Living Lab on The Point

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Living Lab on The Point is a forum for the stories behind science headlines — the people who do the research, the unexpected ways that science gets done, and how the results make their way into our everyday lives.

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Host and producer Dr. Heather Goldstone.
Credit Maura Longueil

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Living Lab on The Point is Produced by Dr. Heather Goldstone. The Executive Producer is Mindy Todd.

Major support for the Living Lab is provided by the Grantham Foundation for the Protection of the Environment and The Kendeda Fund. Additional support is provided by Lee McGraw and the Elizabeth B. McGraw Foundation.

Friends of Herring River

In 1909, the Town of Wellfleet and the State of Massachusetts built a dike at the mouth of the Herring River to dry out a wetland and get rid of a plague of mosquitos. 

It worked, and tourism flourished. But there was a cost. Water quality in the estuary got worse. Shellfish beds disappeared. And migratory fish couldn’t reach their spawning ponds.

Heat and minerals from hydrothermal vents fuel abundant microbial and animal life, as well as intense scientific research.

It’s known as the deep biosphere, or the dark energy biosphere. What is it? Microbes - bacteria, archaea, even fungi - living not at the bottom of the ocean, but in the bottom of the ocean. We aren't just talking about the ocean version of soil bacteria, living in the seafloor mud (although that is part of the story). No, we're talking about microbes living in cracks in the rocks deep below that mud, in the most extreme case to date, a mile and a half below the seafloor.

Marie Curie Museum/Susan Marie Frontczak

Ever since she was a girl, Susan Marie Frontczak's love of theater and of science have gone side-by-side.

"I was in my first play when I was 5, and I did math puzzles with my dad," she tells WCAI. "I produced things on his workbench. I produced my first play when I was 17. I was a founding member of a community theater in my 20s when I was working at Hewlett Packard as an engineer. So I've always had both sides of my life."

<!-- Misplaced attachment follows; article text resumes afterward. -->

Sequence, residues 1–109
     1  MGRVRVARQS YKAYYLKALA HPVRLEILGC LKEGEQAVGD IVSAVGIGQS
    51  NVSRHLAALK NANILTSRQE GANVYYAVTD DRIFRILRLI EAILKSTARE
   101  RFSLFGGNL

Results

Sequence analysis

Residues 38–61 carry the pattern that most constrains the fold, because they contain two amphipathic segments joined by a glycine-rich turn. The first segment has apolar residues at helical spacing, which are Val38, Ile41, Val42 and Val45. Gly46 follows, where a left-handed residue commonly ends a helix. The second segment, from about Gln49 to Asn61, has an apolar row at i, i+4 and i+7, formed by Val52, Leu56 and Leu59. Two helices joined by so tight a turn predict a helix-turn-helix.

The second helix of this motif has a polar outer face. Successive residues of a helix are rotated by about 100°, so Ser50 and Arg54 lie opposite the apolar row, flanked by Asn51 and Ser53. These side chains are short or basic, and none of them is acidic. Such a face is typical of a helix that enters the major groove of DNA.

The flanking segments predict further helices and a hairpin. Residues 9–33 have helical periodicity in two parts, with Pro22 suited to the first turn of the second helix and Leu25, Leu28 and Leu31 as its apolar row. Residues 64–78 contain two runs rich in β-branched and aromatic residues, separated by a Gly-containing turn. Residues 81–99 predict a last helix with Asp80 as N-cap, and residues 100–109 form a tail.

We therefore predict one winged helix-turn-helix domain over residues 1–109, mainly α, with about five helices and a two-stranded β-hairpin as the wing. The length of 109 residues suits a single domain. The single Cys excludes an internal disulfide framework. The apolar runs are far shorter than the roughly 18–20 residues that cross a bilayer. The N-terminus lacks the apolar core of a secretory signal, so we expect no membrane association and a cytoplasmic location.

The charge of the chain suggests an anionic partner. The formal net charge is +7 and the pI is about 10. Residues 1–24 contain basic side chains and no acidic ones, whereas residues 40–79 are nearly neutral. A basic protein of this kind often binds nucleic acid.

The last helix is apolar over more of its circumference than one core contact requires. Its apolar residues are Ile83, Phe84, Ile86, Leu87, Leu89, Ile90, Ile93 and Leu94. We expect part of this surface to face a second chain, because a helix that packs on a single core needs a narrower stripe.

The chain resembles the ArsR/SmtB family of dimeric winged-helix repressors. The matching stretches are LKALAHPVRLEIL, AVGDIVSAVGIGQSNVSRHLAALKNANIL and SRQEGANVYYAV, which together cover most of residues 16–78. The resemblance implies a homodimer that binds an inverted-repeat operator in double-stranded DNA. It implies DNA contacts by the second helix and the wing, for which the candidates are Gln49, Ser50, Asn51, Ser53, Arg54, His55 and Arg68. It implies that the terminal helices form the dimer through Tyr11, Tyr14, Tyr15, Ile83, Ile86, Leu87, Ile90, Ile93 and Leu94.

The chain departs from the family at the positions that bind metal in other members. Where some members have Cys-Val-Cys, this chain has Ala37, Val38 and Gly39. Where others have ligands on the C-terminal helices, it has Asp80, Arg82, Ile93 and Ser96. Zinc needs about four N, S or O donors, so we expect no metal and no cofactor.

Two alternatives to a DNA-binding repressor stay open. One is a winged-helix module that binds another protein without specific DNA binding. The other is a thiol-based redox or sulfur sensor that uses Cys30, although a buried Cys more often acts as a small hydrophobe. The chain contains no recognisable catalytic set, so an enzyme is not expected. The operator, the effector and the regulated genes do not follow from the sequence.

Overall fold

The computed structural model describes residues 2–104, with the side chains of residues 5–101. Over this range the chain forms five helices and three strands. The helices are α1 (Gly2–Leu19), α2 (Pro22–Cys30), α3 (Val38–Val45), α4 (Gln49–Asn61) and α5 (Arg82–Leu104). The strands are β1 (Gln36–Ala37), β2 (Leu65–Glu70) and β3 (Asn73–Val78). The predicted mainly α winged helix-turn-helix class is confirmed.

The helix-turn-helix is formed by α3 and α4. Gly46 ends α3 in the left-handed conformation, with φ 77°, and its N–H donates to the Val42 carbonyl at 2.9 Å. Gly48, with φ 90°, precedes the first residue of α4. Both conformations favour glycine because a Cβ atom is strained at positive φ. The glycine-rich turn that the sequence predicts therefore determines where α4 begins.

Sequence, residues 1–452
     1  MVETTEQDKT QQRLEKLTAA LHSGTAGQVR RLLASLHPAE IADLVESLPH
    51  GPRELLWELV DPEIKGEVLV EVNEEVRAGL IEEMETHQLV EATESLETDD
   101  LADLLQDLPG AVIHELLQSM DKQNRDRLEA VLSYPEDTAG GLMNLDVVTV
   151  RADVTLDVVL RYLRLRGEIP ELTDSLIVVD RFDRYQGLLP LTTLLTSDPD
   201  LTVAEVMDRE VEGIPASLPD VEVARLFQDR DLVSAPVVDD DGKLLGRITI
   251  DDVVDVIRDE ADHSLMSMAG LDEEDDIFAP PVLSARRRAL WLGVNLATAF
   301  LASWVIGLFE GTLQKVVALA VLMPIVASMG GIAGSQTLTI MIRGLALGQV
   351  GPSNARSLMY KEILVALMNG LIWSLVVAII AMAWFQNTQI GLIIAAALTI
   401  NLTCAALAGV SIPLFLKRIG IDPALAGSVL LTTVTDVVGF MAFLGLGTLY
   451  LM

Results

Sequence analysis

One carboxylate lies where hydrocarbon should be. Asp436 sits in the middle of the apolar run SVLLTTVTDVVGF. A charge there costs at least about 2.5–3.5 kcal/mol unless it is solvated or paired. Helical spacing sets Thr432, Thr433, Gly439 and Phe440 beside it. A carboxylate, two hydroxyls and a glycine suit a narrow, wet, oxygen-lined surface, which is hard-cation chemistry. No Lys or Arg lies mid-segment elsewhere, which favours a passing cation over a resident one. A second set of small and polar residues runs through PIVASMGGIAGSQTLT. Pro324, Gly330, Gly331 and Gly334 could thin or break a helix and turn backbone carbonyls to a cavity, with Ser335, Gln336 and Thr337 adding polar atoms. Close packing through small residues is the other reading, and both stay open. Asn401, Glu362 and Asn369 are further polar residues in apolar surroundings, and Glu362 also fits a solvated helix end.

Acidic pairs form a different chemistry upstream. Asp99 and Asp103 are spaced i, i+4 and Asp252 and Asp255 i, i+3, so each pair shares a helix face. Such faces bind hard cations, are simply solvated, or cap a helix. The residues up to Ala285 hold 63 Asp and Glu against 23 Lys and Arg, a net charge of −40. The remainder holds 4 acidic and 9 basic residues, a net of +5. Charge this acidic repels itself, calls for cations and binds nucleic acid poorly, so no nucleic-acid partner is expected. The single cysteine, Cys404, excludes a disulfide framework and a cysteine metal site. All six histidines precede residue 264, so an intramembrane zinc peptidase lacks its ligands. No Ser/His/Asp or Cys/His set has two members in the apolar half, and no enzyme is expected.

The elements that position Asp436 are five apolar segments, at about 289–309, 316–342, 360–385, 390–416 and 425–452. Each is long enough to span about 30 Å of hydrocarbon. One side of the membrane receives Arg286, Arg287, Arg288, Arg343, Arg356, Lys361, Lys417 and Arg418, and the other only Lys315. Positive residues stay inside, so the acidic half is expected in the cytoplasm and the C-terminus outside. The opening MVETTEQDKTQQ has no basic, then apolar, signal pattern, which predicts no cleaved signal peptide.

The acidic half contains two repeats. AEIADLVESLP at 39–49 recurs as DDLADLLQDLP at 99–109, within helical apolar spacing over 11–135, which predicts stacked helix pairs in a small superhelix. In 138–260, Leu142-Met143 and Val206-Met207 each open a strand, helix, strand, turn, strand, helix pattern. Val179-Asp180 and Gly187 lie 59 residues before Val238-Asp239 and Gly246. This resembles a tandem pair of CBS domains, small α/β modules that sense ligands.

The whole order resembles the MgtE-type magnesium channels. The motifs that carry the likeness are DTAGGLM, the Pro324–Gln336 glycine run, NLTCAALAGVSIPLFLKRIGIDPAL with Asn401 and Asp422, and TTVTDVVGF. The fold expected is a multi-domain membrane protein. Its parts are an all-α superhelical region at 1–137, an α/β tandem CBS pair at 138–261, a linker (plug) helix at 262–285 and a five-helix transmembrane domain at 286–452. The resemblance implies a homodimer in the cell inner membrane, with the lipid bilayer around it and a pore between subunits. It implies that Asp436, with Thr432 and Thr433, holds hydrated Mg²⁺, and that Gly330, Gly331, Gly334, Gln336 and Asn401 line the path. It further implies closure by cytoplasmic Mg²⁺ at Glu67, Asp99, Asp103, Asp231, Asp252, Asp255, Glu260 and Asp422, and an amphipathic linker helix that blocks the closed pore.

Three big scientific non-profits in Woods Hole have hired new presidents in the last year, marking a major moment of change for this science and engineering town.

Woods Hole Oceanographic Institution, Marine Biological Laboratory, and Woods Hole Research Center all have new chiefs. And they’re all dealing with similar pressures, especially when it comes to government funding.

Sharon Petersen of PJ's Cranberries in East Sandwich loads cranberries into a cranberry seperator. Owner Pete Hanlon says he's concerned about climate change.
Steve Haines / Cape Cod Times

What if climate change isn’t something that is going to happen in the distant future, somewhere far away? What if it’s happening right here, right now? That's the question the Cape Cod Times is asking - and answering - all week in a special series on the local impacts of climate change, from shrinking beaches and disappearing lobsters to more aggressive storms.

Photo courtesy of ©Entergy Nuclear

Entergy Corporation announced last week that Pilgrim Nuclear Power Station in Plymouth will shut down for good by the year 2019, but that’s far from the end of questions or concerns about the plant. In fact, legislators and activists who've been calling for the plant's shutdown say the closure will eliminate few health and safety risks, and will add some new ones. 

Candle smoke transitions from straight, laminar flow to confused, turbulent flow. How and why aren't well understood. Nigel Goldenfeld sees parallels between such physical processes and the evolution of life.
Gary Settles / Wikimedia Commons

Nigel Goldenfeld sees patterns everywhere in the natural world. The physicist from the University of Illinois is a member of its top-ranked Condensed Matter Theory group, and studies how patterns evolve in time, “be they snowflakes, the microstructures of materials, the turbulent flow of fluids, geological formations, or even the spatial organization of microbes.”

Tote Services

As the Navy continues to search for the doomed cargo ship El Faro, the loss has an eerie resemblance to the Derbyshire disaster some three decades before. 

Some ferns have remained virtually unchanged for hundreds of millions of years. Others, like this seed fern, Neuropteris flexuosa, exist only in fossilized form.
James St. John / Wikimedia Commons

Chances are, you have a pretty good idea what a plant looks like. Roots, stems, leaves, flowers ... these are the things that make plants, plants. But it wasn’t always so.

Plants arose some 500 million years ago, and the fossil record is full of bizarre evolutionary dead-ends, as well as amazing innovations. For example, some extinct ferns looked much like modern ferns on the outside, but their insides appear jumbled. And then, there's the fact that early plants had no leaves.  

Jiuguang Wang / Creative Commons

Intelligence, compassion, consciousness. These are some of the most fundamental aspects of what it means to be human. Yet, biologists struggle to settle on common definitions for these complex traits, let alone explain how they arise from the electrical signals fired by the million of neurons that make up our brain.

Major American and European initiatives are pouring hundreds of millions of dollars into mapping and modeling the electrical circuitry of the human brain. But not everyone in the neuroscience community thinks these projects are on the right track.